He would not give more details about the reasons for the transactions being blocked, but said a letter had been sent to affected customers last week.
The Herald understands the complaint to the Ombudsman involves more than one bank.
A Westpac spokesman said it had recently communicated concerns to a small number of customers about an organisation they had intended to send money to in the United States.
"To protect customers' financial interests, we have asked them to provide documentation that relates to these payments so we can highlight any risks to them.
"We are not aware of any situations in which funds were taken from a customer's account but did not reach their destination."
Banking Ombudsman Nicola Sladden said it was aware of the concerns from banking customers but could not comment on the specific case.
"Banks are usually obliged to follow their customers' instructions for the use of their funds but there are some exceptions to this – for example, where the bank's terms and conditions allow the bank to refuse an instruction or the law prevents the bank from making the payment.
"Where a bank is unwilling or unable to make a payment, we would expect the bank to explain the reasons why to the customer (unless there is a good reason not to provide an explanation – for example, the law prevents this)."
Last week the Wall St Journal reported that the FBI was examining exiled Chinese businessman Guo and the money used to fund his media efforts in the United States, including his work with Bannon, citing people familiar with the matter.
The paper reported that FBI agents had asked people who know both men for information on Guo's activities, including the source of funds of a media company linked to him.
It said the probe had been underway for more than six months.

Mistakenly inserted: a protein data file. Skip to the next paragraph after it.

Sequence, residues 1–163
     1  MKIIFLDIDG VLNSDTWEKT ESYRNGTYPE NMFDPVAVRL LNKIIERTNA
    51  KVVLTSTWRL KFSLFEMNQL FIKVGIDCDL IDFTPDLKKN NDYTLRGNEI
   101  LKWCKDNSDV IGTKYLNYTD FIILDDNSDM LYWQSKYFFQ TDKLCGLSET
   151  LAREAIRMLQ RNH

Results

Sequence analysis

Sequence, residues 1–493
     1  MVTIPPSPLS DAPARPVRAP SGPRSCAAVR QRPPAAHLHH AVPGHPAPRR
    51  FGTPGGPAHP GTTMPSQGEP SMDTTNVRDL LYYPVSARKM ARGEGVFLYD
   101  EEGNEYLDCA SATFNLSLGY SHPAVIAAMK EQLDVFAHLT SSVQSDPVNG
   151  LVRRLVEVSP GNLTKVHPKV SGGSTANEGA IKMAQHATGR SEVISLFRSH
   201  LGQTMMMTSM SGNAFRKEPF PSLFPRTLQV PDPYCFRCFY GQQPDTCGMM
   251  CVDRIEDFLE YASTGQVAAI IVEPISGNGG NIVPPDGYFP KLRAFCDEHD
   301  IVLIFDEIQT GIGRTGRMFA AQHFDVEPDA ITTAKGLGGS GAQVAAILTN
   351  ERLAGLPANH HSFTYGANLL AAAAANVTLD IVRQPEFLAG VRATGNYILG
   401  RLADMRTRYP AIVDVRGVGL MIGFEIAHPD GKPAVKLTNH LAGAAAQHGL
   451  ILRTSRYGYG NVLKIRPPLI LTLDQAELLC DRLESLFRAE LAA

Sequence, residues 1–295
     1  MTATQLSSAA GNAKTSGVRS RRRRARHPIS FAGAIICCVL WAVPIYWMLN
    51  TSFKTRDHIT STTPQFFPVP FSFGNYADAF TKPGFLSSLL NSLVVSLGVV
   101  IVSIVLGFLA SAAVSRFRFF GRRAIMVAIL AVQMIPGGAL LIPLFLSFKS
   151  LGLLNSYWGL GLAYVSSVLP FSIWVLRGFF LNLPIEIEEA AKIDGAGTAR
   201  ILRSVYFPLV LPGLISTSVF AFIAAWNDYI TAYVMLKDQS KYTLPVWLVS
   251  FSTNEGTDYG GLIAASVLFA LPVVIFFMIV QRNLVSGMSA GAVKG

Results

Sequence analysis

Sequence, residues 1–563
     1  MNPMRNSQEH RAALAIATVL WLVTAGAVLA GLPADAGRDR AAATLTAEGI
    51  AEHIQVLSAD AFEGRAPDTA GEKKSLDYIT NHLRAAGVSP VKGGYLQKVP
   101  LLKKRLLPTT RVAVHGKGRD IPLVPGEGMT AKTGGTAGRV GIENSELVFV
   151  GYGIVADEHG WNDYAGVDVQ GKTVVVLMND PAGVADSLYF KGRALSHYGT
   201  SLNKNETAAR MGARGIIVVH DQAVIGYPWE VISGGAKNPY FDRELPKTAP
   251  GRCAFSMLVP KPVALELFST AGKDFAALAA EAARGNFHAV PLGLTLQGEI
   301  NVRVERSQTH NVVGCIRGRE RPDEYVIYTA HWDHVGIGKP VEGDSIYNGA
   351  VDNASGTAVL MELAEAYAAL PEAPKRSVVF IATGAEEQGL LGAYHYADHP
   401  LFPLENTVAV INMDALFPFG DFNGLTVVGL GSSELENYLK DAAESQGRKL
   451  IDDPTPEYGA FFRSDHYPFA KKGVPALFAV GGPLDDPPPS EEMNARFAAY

But the reason for the FBI's interests could not be determined. A lawyer for Guo told the publication its client had not been contacted by the FBI.
Guo is a former property tycoon in China who in 2014 fled the country where he is accused of bribery, fraud, money laundering, kidnapping and rape - allegations he has denied. He has applied for asylum in the US, according to the Wall St Journal report.
It said Guo had upset Beijing with online videos and social-media posts alleging corrupt links between China's political and corporate elites.
G-TV Media Group was added to the investment caution list of the British Columbia Securities Commission - a Canadian provincial investment regulator - on May 29.
In a statement on its website it said: "We recently became aware of British Columbia residents investing in shares of GTV Media Group Inc. (subsidiary of Saraca Media Group Inc.)
"GTV and Saraca Media Group are not registered to sell securities in BC and have not filed a prospectus with the British Columbia Securities Commission.
"We urge BC residents to exercise caution when dealing with companies that are not registered to issue shares."
A spokesman for New Zealand investment regulator the Financial Markets Authority said: "The FMA advises New Zealanders to take care when considering investing in overseas businesses that are not regulated in New Zealand, as investors will likely have limited protections."
In a video on his gnews.org website on July 8, Guo said many investors had received their shares already on July 7.
He urged those who had not yet received their shares to keep in contact with the lawyers of its investment committee as well as the company that was issuing the stock.
"When they email you or message you via WhatsApp, please respond. Be sure to respond. If you didn't receive your stocks please reply in WhatsApp, alright?"
Guo said some may not have responded to the messages and they needed to as "things need to go through the lawyers, not just us."
"The lawyers have to review everything, every share and every penny need to be accounted for."
He urged people to have patience and said it was a serious process in the US and the process needed to be done in a "meticulous manner".
The Herald has also sought comment via a lawyer linked to Guo.